49 farms were producing eggs with pesticides
The Ministry of Agriculture, Food and Rural Affairs said Friday it finished inspections of all 1,239 chicken farms operating in the country.
Among the 49 farms found to be overusing pesticides, 18 were regular farms and 31 were supposed to be environmentally friendly farms.
Seven of the 49 farms produced eggs with levels of fipronil beyond international standards; in Korea, fipronil is not supposed to be used on chickens at all. On 37 farms, eggs had levels of bifenthrin exceeding the country’s limit of 0.01mg/kg.
Five farms produced eggs with traces of etoxazole, flufenoxuron and pyridaben. These pesticides are not allowed on Korean chicken farms.
Minister of Agriculture Kim Young-rok said that all eggs distributed starting Friday are safe and that people can trust the inspections, which followed scientific procedures.
“We will allow eggs from 1,190 farms that passed inspection to be distributed to the market right away and this will be about 95.7 percent of eggs produced in the country,” said Kim Yong-sang, a director of the agriculture ministry. “We will collect all eggs from farms that didn’t pass inspection and destroy them and inspect those farms every two weeks from now on.”
Criticism is mounting of the government’s poor management of the farms and its handling of the current crisis.
The Agriculture Ministry first found out about farms producing eggs with excessive levels of pesticides on Monday around noon. But it didn’t announce its findings until 11 p.m. that night, allowing a lot of contaminated eggs to be distributed.
On Wednesday the ministry announced an infected farm was in Gwangju, Gyeonggi, but it actually was Yangju. Reporters had to alert the ministry to its mistake. The government’s updates on the number of affected farms continued to change throughout Thursday as the ministry sent out corrections to the press.
All three major opposition parties said Minister of Food and Drug Safety Ryu Young-jin should resign. In his first press briefing on Aug. 10, Ryu was asked about the contaminated egg scandal in Europe and he said there was no farm in Korea using excessive amounts of fipronil and people could consume locally produced eggs without worrying. Excessive levels of pesticide were found in farms just five days later.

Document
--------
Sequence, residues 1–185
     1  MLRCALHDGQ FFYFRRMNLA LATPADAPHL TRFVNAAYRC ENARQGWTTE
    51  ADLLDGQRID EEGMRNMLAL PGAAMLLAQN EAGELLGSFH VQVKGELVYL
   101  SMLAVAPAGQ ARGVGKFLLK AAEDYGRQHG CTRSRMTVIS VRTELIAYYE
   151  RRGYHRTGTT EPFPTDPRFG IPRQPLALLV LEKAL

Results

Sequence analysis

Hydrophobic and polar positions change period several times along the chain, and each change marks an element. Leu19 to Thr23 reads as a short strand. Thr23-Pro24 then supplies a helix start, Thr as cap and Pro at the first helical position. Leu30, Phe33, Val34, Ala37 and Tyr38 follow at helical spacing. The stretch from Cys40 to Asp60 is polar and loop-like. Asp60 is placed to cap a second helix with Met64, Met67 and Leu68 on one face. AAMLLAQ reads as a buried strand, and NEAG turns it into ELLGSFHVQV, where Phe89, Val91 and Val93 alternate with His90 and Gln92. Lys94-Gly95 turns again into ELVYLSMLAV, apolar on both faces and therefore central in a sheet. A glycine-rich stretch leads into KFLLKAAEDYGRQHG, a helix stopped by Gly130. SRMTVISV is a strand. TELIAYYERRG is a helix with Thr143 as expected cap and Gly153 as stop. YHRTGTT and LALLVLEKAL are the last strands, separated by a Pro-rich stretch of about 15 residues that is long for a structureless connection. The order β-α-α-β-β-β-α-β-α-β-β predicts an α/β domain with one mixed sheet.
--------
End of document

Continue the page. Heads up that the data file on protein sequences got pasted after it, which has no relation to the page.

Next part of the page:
Ryu was criticized by lawmakers at a briefing at the National Assembly on Wednesday as he answered many questions: “We are currently tracing it.”
Prime Minister Lee Nak-yon scolded Ryu for not being able to answer questions related to eggs at a meeting on Friday. “Many of the questions that we discussed today can come from people and reporters at press briefings anytime,” Lee told Ryu. “Don’t hold a press briefing if you are not going to be able to answer questions correctly.” Lee asked Ryu to bone up on the issues surrounding eggs and to tell people and reporters when he is finally briefed.
Meanwhile, the Korean Medical Association held a press briefing Friday and said pesticides found in eggs will leave a human body within a month. It added that it doesn’t expect any cases of acute toxicity coming from consuming contaminated eggs. Even a year old infant could consume two contaminated eggs per day and not face a toxicity problem, it said.
Large discount chains resumed selling eggs after suspending sales earlier this week. According to Emart on Friday, sales of eggs on Thursday dropped 46 percent when compared to a week earlier. Lotte Mart said its egg sales Thursday were only 55 percent of the average in the past. Egg prices at major discount chains were not changed significantly.
BY KIM YOUNG-NAM [firstname.lastname@example.org]
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